Quite honestly, I don’t see how he does it. Although he has won three times in Dale Coyne cars, he has also had some abysmal weekends when the Coyne cars were not even close to be on the pace with the rest of the field. I’ve seen him crawl out of the cockpit, visibly frustrated at his car’s lack of competitiveness – and then spend the next fifteen minutes accommodating fans.

If you can name a driver that is more deserving of a top ride than Justin Wilson, please do so. There may be some budding superstar of the future that Michael Andretti has tabbed for that seat, but none that has paid their dues and proven their worth more than Justin Wilson.

Here’s hoping that good things actually do happen to good people.

George Phillips

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10 Responses to “Who Has Paid Their Dues More?”

  1. I agree with everything you said about Justin. As a fan, nothing would be more satisfying than to see him secure a top-tier ride.

  2. Well, unfortunately “deserves” doesn’t always have anything to do with who actually nails good rides.

    But I don’t want to be cynical; that’s always the way it’s been in any endeavor, not just sports or autosports in particular, let alone Indycar. The real point is that if anyone deserves a good ride, it’s Wilson. And I can’t think of anyone who’d disagree.

  3. Yes, Wilson has proven himself repeatedly by winning with low-dollar equipment. I’m especially impressed in his lack of whining and bitching about it. While driving for these lower-funded teams he’s never complained, bitched, been moody or anything. Total class guy as George so well outlines. I always wondered about the criticism of Briscoe, specifically if he’s so undeserving, why did Roger hire him? The guy brings no check, so if he’s low-talent than he’s fooled Roger Penske, and I highly doubt that’s the case. I’d love to see Wilson get a top-tier ride. Unfortunately, the number of seats where it’s all about talent and not about size of check is limited in IndyCar, and maybe even dwindling. But, that’s a well-worn lament for another time …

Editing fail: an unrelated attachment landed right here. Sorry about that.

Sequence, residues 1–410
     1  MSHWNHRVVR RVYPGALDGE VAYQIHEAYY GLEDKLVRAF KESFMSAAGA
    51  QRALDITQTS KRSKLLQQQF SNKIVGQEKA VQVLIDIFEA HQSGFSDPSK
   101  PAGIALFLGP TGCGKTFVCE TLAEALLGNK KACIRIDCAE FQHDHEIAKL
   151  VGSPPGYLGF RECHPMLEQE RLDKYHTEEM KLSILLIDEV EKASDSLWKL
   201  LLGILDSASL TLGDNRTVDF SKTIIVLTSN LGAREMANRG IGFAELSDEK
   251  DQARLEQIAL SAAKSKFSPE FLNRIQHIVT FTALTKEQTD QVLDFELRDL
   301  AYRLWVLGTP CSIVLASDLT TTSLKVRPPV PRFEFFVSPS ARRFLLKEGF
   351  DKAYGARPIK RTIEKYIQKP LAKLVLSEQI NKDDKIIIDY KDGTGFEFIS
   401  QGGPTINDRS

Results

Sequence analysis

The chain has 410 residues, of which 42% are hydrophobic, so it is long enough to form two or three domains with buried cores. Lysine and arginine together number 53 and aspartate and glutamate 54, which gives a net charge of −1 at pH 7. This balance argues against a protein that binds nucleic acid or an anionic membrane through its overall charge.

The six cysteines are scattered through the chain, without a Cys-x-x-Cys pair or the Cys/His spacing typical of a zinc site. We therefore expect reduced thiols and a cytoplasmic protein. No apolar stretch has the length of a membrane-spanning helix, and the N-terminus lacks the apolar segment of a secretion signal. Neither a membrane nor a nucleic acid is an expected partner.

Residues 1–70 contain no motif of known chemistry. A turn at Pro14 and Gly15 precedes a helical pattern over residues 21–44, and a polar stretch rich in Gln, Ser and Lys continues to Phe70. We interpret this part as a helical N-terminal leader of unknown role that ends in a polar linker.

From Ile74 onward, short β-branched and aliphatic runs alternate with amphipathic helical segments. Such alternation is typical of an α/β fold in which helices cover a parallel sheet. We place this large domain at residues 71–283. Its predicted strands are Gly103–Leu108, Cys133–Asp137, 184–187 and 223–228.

4. billytheskink Says:

    I was going to say that Hunter-Reay has paid more dues than Wilson (of course, RHR was finally rewarded), but then I remembered that Paul Gentilozzi co-owned RSports when Wilson drove there. That squares them.

    When comparing dues paid in racing, having driven for Gentilozzi is a trump card.

  5. I would love to see Wilson finally in a top team. I wouldn’t mind if it were someone like Daly instead, but if it’s the current crop then Justin would be top of my list.

  6. If Wilson goes to Andretti, who will drive the #98 Bryan Herta Autosport entry? Both are Honda teams. It may well be possible both are working on getting enough sponsorship to be able to hire the same driver. Here’s hoping Coyne also gets another first-class driver to succeed Wilson in the #19 car once he is off to another team. Wilson’s win in the Coyne car with Bill Pappas engineering at Watkins Glen was epic.

  7. Would love to see Justin in a winning season. Maybe Michael A will surprise us all.

  8. george you are very much correct here. a guy with alot of talent and class. heres a toast to justin and hopefully to micheal on getting a deal done!

  9. Wilson has earned a good ride and I do like him, but I am not going to lie I’d rather see Veach/Daly/Rossi/SIlvestro/Hildebrand in that ride. Wilson V Abt/Bird, I’d take Justin in a heartbeat though.

  10. My question is always the same: if Wilson is as good as his supporters claim (and I love watching the guy race), why haven’t Andretti, Penske or Ganassi picked him up already? What are they not seeing in him? It’s not a funding issue because they hire non-funded drivers. Roger has hired JPM and Briscoe, Ganassi has also run Briscoe (and Kimball, who is always “just about” to break out but never does), and Andretti has opted for Munoz and Viso (better funded drivers, to be sure). I’d love to hear their reasons.